Others would have given up but not Lim Tow Yong. With pure determination, he planned his comeback in the nineties with another departmental chain in Sabah, and later Brunei and Labuan. In 1999, Lim Tow Yong was finally discharged from bankruptcy. He sold his business in mid-2000s and became a millionaire once again at 79.

On 7 April 2012, the legendary former boss of Emporium Holdings, aged 87, passed away at the National University Hospital. He would be remembered for his generosity and inspired spirit by many of his former employees.

Published: 09 April 2012

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30 Responses to The Emporium Legend Lim Tow Yong (1925-2012)

  1. Cindy Lim says:

    A wonderful, extremely capable and well-respected man. He will be well rememebered.

  2. Thomas Tan says:

    It was an honor working with you. Your dedication and determination will always be remembered.

  3. dinkyequinox says:

    i seem to recall there was an emporium in hougang where heartland mall now is

    • Yes. In fact, that was the biggest and most well-planned of all outlets in Singapore. Towkay Lim Tow Yong had wanted to set a new trend for retailing in Singapore back then.

      It was also about that opening time that saw the beginning of the collapse of the Emporium Group due to financial reasons. It was brewing, but not known to the public just as yet.

  4. A new NTUC Fairprice sits where the old AMK Emporium used to be!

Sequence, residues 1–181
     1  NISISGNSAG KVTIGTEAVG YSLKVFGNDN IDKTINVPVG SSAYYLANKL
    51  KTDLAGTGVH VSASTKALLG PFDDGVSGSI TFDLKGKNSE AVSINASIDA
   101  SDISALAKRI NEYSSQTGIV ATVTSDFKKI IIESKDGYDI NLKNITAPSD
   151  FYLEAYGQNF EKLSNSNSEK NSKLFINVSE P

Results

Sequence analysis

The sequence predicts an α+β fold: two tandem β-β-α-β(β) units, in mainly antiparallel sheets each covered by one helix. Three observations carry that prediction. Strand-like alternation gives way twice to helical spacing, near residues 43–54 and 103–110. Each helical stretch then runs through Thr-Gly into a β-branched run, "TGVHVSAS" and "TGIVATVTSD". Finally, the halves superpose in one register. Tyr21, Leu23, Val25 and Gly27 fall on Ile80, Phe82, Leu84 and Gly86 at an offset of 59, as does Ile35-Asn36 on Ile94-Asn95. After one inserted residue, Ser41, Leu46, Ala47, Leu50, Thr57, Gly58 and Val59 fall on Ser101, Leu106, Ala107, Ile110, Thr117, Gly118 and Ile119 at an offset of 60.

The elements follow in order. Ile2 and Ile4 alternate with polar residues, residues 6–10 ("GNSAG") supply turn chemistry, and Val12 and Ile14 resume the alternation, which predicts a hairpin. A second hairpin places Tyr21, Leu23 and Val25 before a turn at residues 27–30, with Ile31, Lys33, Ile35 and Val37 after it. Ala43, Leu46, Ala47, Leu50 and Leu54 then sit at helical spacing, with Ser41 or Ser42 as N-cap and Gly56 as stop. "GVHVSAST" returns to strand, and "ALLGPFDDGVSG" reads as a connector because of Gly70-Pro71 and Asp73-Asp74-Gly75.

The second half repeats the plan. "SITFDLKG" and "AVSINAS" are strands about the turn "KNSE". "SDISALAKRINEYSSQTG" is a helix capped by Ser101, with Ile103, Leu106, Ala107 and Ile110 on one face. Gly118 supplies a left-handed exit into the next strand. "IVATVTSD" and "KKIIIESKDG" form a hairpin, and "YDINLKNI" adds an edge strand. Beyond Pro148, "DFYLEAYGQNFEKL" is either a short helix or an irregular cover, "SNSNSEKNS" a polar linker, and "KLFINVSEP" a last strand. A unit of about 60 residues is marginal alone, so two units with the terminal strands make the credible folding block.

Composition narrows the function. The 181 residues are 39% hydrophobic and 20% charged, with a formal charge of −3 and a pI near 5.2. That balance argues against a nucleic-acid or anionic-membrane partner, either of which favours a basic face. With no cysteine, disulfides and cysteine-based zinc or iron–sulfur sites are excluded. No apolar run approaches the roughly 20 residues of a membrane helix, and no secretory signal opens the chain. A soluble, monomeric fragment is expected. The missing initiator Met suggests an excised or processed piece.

5. leonard says:

    an honourable man who gave back. thanks for the post.

  6. slimjim1309 says:

    the current Seng siong(next to KFC) in Bedok is where the old Emporium dept store was ! The chinese saying of “From the Great Eastern Mountain shall raises again” is so apt to describe this mountain of a man. a pioneer and a community leader.

  7. In Hong Kong we had the Da Da group of department shops 大大公司 from 1974-1986
    At the peak there were 7 stores, but the good days would not last as the Hong Kong economy was hit by loss of confidence in the future of Hong Kong as the British government discussed the handover back to China.

  8. Sze Chan says:

    This brings back soooo manyyy memories!!! Thanks so much for this writeup. I miss the old Singapore so much —- my childhood playground etc.

  9. DZ says:

    I remember the Emporium at Clementi now Courts and McDonalds taken over. My mum and I love to hang out there